In Arizona, telemedicine may be used to extend the availability of both clinical, educational, and established policies for the maintenance of records, and purposes of confidentiality.
On April 10, 2015, Arizona legislature passed House Bill 2489, containing certain restrictions on drug prescription’s made via telemedicine — the prescription of controlled substances via telemedicine, is required to adhere to all federal AND state regulations.
In 2013, Arizona enacted legislature passing parity laws — effective January 01, 2015 — requiring Arizona private payers, along with Arizona Medicare, to recognize and reimburse telemedicine services, at the same rates as the equivalent health care service provided in-person.
On May 11, 2016, Arizona enacted House Bill 2502 — legislature that allows the state to join the Interstate Medical Licensing Compact, expediting a pathway to licensure for qualified physicians, wishing to practice telemedicine in multiple states.
At this time, Arizona permits the use of interactive video functions for direct clinical services; case consultations; collateral services; training and education; administration activities of participating agencies; management activities — including advocacy; clinical consultation; finance; grievance and appeal; MIS; quality management; utilization and risk management — and additional uses, as approved by the The Arizona Department of Behavioral Health Services (T/RBHA).
Additionally, all health care practitioners providing telemedicine services, are required to first establish a physician-patient relationship with a patient, prior to providing a diagnosis or treatment — however, telemedicine may be used to satisfy this requirement.
All health care practitioners providing telemedicine services, are required to first document and record a patient’s informed consent, prior to commencing service.
All out-of-state health care practitioners intending to provide telemedicine services, to patients geographically situated in the state of Arizona, must first obtain a valid medical license, from the Arizona Medical Board, prior to commencing service — however, physician-to-physician (P2P) exemptions apply.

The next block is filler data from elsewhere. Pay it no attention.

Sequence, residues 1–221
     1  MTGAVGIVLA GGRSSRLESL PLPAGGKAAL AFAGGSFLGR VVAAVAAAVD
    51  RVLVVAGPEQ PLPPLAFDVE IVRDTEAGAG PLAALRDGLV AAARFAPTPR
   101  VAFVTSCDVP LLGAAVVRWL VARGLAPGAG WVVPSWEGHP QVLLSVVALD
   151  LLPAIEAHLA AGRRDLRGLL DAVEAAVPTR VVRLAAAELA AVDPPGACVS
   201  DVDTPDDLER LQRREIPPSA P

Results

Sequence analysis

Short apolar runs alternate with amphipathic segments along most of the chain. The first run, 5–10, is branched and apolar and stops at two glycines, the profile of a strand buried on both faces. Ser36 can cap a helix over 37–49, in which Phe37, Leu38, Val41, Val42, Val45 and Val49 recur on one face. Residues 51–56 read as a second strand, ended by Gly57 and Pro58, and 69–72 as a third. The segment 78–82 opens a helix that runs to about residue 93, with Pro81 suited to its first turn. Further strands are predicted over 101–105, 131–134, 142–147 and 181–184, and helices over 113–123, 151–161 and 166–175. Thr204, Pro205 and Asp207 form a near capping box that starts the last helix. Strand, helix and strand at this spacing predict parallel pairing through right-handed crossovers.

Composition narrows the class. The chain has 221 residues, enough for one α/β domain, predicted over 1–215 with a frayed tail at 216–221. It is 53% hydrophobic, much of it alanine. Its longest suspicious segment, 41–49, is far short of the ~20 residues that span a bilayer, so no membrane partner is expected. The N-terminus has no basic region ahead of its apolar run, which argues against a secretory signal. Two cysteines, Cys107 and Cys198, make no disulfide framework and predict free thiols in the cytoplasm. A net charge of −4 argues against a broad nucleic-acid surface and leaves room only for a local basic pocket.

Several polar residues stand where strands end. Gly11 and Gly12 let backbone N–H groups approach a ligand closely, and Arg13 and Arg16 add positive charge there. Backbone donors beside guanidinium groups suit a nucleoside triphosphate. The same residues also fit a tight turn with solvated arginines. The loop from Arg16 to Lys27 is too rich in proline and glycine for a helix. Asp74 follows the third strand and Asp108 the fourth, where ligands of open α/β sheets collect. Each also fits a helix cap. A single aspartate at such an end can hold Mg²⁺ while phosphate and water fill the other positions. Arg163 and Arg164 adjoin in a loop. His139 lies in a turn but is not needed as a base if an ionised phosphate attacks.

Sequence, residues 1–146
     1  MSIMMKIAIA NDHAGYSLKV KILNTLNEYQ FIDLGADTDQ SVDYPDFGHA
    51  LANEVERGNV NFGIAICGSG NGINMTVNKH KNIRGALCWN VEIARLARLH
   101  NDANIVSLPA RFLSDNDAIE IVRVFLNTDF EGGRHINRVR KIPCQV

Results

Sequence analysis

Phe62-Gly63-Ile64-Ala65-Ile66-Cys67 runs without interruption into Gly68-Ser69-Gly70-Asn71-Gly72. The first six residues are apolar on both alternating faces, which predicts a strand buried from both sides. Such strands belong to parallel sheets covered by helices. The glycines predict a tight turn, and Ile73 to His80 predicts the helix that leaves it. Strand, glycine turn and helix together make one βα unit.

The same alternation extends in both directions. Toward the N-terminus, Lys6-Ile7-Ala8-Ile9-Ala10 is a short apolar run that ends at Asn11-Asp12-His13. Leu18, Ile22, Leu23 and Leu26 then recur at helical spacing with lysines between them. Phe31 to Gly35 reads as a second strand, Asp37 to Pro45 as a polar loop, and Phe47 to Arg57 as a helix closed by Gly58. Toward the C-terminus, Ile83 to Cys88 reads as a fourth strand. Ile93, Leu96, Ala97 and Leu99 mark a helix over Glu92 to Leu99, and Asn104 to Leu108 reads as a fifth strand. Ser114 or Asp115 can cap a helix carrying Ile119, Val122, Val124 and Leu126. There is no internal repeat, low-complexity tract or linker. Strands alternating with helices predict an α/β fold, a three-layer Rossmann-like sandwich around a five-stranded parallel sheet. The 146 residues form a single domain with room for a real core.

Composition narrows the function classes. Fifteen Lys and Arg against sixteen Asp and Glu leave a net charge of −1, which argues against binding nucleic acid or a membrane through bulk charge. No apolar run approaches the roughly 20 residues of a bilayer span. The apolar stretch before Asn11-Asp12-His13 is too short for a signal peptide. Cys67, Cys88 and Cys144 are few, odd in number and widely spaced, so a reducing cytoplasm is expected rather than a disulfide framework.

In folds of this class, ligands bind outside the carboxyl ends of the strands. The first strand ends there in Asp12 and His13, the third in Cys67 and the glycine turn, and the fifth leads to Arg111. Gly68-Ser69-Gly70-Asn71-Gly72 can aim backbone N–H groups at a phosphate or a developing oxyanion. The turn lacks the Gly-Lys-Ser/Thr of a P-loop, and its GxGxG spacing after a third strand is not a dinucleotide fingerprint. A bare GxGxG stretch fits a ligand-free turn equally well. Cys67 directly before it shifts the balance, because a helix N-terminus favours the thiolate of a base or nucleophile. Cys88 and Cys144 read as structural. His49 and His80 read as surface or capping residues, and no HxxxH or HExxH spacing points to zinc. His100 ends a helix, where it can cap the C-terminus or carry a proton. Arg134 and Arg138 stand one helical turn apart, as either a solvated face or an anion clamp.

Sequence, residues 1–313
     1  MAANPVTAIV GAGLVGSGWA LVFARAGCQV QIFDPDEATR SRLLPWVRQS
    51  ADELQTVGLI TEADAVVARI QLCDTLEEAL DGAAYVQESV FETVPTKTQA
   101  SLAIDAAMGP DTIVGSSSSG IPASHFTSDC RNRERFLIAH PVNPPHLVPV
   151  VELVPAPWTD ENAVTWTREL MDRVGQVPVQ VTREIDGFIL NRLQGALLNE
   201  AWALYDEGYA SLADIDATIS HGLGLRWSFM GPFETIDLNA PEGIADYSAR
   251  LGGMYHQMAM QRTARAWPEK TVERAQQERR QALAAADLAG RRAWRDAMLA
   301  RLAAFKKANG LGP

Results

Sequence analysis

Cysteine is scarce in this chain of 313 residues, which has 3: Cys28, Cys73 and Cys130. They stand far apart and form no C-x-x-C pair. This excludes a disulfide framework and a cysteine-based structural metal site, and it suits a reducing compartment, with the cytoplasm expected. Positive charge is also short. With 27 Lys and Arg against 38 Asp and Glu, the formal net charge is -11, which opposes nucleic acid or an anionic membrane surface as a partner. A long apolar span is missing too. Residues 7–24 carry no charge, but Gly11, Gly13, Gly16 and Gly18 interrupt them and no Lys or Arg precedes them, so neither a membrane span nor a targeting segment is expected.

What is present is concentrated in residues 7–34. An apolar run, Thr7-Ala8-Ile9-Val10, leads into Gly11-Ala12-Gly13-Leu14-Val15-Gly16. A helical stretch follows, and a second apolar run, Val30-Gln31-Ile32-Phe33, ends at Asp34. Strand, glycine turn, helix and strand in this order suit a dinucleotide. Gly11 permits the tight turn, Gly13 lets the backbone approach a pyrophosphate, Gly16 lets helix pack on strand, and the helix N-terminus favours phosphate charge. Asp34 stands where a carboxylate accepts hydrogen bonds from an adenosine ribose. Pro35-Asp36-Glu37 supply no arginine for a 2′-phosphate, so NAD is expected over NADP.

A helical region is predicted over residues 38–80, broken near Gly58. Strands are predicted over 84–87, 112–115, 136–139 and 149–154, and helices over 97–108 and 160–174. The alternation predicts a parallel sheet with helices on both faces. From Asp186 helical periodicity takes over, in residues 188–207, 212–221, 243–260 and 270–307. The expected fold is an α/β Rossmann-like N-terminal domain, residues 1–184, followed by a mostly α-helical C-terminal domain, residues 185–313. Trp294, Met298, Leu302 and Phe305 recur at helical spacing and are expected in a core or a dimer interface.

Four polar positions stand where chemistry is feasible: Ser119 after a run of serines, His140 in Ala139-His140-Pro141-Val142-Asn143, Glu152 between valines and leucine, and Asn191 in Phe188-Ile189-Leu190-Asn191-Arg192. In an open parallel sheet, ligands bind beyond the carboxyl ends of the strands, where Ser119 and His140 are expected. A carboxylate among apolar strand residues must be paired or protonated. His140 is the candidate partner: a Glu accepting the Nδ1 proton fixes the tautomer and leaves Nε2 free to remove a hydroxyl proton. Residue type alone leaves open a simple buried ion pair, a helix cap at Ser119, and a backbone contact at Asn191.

Arizona is one of sixteen states across the United States, to have an informed consent policy, for telemedicine.
Qualified medical marijuana patients please be advised that for the purposes of using medical marijuana telemedicine services online, in Arizona:
The State of Arizona requires that, in order for a marijuana doctor to conduct a medical marijuana evaluation, the physician must first conduct a patient examination, in-person.
Although patients may not see a marijuana doctor online for the initial visit, patients may choose to use medical marijuana telemedicine services online for all follow-up visits.
If you are a qualified Arizona medical marijuana patient who has already established a bonafide relationship with a medical marijuana doctor, and want to see a marijuana doctor online and on-demand now, via the medical marijuana telemedicine portal, please click here.
Arizona State Senate Issue Brief “Telemedicine”
Arizona House Bill 2489
Arizona State Legislature 32-1421
American Telemedicine Association — Arizona
Center For Connected Health Policy — Arizona
Interstate Medical Licensing Compact — Arizona
HIPAA is a federal law that protects the privacy of identifiable patient information, requires electronic and physical security standards related to the storage and use of PHI, and establishes standard transactions and code sets to simplify billing and other electronic transactions. HIPAA standards were updated in 2009 by the implementation of the HITECH Act and again in 2013 by the HIPAA Omnibus Rule. In accordance with HIPAA standards, MarijuanaDoctors.com is HITECH and BAA certified, and has put in place measures to protect the confidentiality of health information in any form, whether written, oral, or electronic.
Updated on May 11, 2018